Maddie Roach
Speaker's Institution
Colorado State University
4:30 PM
Virtual Seminar
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Mixer Time
Calendar (ICS) Event
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Literature Seminar

The 2012 Food and Drug Administration Safety and Innovation Act placed 26 types of cannabinoid receptor agonists, also known as synthetic cannabinoids (SCs) into Schedule 1 of the Controlled Substances Act. This decision was made due to SCs high probability of causing adverse health effects, like reduced blood supply to the heart, kidney damage, seizures, and even death.1-3 Despite this, the SC industry has frequently altered the chemical structure of their products to avoid the ban and have continued selling under different names and brands.1 Testing for SC metabolites in humans differs from conventional cannabinoid tests (immunoassays), due to the structural diversity of SCs.4 A rising method for identification of these new compounds and their metabolites is liquid chromatography coupled with quadrupole-time-of-flight mass spectrometry (LC-QTOF). The study discussed used LC-QTOF to identify the metabolites of (1-(cyclohexylmethyl)-1H-indol-3-yl)-(2,2,3,3-tetramethylcyclopropyl)methanone (TMCP-CHM) and the product of its thermal degradation. Both in vitro and in vivo studies were performed, and the products analyzed using LC-QTOF. The major metabolic pathways were identified, and the results of the in vivo and in vitro studies were compared to a study performed on a compound with the TMCP moiety in human urine. This led to the identification of a convenient target for routine analysis and a trend in the metabolism of three compounds containing the TMCP moiety.5 With this study as a prevalent example, it was determined that LC-QTOF is a more ideal method for separation and primary identification of SCs and their metabolites in human urine in comparison to immunoassays and other industry standards, such as gas chromatography mass spectrometry (GC-MS) or liquid chromatography triple quadrupole mass spectrometry (LC-QQQ).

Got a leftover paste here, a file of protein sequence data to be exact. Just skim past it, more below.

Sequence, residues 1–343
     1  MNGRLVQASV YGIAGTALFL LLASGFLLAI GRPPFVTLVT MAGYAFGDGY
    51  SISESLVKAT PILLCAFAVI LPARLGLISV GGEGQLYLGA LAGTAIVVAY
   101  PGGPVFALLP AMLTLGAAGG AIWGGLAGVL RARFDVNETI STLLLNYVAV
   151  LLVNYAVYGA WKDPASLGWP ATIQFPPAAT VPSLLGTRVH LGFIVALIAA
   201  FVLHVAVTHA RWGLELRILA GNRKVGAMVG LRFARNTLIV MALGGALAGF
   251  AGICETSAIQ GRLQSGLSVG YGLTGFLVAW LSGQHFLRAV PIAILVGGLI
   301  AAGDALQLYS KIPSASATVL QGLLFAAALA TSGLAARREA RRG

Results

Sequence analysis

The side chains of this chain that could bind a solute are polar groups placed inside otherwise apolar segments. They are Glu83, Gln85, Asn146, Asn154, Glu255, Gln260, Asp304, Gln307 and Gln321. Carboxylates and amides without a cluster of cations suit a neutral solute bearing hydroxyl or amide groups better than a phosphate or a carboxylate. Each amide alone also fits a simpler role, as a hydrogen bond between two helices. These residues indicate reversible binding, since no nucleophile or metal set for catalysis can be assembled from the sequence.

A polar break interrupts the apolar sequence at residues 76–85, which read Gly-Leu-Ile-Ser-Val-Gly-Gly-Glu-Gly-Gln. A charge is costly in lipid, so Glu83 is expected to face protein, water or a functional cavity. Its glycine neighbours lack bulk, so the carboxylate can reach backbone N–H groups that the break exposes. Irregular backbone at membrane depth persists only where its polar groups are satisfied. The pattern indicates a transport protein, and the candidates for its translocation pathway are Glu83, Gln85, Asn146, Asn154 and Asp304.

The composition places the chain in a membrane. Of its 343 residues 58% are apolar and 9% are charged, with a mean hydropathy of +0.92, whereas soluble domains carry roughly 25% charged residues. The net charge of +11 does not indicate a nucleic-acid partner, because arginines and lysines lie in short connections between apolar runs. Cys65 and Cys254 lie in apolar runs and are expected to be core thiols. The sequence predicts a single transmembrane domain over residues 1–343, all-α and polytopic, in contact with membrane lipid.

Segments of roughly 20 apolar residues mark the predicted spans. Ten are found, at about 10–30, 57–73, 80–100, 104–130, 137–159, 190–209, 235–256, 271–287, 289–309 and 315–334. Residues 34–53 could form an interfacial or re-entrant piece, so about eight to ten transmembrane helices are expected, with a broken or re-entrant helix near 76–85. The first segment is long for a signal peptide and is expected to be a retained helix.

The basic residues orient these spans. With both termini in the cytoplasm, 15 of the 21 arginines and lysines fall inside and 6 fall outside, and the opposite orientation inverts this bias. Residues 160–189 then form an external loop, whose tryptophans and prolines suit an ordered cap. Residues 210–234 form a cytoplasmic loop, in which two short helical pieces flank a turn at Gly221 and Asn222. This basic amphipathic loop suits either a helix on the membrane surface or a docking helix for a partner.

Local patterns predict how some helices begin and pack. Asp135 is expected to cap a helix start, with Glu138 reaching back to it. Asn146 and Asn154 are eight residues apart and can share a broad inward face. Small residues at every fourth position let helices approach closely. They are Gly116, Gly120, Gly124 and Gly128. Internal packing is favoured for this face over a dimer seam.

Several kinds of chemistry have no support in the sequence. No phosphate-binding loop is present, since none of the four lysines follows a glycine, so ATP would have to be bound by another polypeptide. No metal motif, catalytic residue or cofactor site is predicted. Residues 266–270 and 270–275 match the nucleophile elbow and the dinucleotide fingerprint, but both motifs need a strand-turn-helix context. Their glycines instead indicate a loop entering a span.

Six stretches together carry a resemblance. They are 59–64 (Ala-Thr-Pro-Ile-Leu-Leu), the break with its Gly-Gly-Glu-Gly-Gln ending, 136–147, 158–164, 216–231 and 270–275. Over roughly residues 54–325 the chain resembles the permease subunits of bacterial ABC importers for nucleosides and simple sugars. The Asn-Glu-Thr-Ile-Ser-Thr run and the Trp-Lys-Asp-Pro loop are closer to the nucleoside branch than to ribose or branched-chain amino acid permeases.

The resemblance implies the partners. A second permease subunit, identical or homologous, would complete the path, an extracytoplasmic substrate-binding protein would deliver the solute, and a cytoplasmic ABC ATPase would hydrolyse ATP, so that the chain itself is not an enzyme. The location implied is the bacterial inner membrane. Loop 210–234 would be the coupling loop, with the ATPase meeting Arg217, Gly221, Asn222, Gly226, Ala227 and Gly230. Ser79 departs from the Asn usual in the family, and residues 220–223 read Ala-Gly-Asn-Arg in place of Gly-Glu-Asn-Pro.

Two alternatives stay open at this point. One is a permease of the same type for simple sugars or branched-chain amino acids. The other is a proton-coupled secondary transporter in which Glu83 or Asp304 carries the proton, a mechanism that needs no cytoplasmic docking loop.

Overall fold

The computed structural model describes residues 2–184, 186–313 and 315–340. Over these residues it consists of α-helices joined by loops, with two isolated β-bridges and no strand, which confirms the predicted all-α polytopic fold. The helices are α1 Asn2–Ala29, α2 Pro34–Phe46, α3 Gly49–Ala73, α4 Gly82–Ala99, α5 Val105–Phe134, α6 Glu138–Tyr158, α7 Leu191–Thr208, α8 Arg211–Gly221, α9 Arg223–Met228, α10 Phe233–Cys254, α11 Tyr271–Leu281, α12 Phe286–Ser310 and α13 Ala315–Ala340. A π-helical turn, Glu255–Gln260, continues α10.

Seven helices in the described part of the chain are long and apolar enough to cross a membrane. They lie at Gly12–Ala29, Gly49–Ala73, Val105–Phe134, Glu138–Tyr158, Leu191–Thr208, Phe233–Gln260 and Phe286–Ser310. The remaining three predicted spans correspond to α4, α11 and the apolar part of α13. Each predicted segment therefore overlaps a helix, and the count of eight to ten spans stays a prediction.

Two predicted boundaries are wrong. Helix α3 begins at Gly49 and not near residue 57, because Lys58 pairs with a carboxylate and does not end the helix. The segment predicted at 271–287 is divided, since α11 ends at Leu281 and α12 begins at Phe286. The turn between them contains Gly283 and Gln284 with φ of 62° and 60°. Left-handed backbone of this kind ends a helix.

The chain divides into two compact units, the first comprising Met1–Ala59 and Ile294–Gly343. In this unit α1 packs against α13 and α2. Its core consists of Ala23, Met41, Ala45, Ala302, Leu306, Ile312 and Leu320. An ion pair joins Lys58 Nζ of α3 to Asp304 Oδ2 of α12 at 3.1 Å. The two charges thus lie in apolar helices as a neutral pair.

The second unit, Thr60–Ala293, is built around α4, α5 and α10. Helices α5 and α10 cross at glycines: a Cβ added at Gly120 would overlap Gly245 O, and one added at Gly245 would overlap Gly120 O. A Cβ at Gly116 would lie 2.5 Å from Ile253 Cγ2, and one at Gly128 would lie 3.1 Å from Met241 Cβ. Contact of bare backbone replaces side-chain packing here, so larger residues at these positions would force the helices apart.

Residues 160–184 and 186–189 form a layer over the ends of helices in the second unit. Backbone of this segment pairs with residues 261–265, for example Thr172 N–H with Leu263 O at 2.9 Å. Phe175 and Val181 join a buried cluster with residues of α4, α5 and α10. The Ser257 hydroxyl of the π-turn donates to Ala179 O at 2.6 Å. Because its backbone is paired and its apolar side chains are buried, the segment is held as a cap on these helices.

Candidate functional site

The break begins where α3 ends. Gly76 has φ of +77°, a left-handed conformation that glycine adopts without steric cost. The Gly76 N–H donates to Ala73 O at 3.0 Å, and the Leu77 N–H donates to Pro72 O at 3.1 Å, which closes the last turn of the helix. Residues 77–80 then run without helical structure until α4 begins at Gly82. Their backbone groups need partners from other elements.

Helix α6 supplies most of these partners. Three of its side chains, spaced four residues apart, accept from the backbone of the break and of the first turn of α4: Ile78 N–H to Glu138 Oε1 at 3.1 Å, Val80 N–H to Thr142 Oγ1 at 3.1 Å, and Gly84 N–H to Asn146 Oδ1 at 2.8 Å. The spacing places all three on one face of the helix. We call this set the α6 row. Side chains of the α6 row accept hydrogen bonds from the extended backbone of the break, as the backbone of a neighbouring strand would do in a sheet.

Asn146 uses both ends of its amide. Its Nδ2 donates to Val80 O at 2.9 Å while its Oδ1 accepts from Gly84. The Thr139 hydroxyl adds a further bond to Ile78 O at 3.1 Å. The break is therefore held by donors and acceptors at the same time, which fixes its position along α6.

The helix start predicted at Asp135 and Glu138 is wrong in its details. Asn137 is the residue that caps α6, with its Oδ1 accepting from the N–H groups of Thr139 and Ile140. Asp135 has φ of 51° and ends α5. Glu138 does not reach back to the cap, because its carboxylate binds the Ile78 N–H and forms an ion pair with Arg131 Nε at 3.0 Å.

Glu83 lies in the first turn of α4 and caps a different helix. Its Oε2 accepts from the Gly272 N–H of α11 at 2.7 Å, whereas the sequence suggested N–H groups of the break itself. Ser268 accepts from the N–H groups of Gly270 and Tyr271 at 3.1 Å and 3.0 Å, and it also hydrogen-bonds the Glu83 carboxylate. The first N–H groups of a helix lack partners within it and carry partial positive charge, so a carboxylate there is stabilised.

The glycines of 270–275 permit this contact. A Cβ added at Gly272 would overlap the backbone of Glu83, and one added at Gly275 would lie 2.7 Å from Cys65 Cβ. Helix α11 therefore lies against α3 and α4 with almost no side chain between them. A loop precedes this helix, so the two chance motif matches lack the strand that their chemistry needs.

1. Hudson, S; Ramsey, J. The emergence and Analysis of Synthetic Cananbinoids. Drug Testing and Analysis 2011, 3 (7-8), 466-478.
  2. Food and Drug Administration Safety and Innovation Act; 112 Congress, 2012; Public Law No. 112-114
  3. National Institute on Drug Abuse. Synthetic Cannabinoids (K2/Spice) Drug Facts. https://www.drugabuse.gov/publications/drugfacts/synthetic-cannabinoids-k2spice
  4. Franz, F.; et. al. Immunoassay Screening In Urine for Synthetic Cannabinoids – An Evaluation of the Diagnostic Efficiency. Clinical Chemistry and Laboratory Medicine (CCLM) 2017, 55 (9).
  5. Grigoryev, A.; Kavanagh, P; Labutin, A.; Pechnikov, A.; Dowling, G.; Shevyrin, V.; Krupina, N. Tentative Identification of the Metabolites of (1-cyclohexylmethyl)- 1H-indol-3-yl)-(2,2,3,3-tetramethylcyclopropyl)methanone, and the product of its thermal degradation, by in vitro and in vivo methods. Drug Testing and Analysis 2019, 11 (9), 1387-1402


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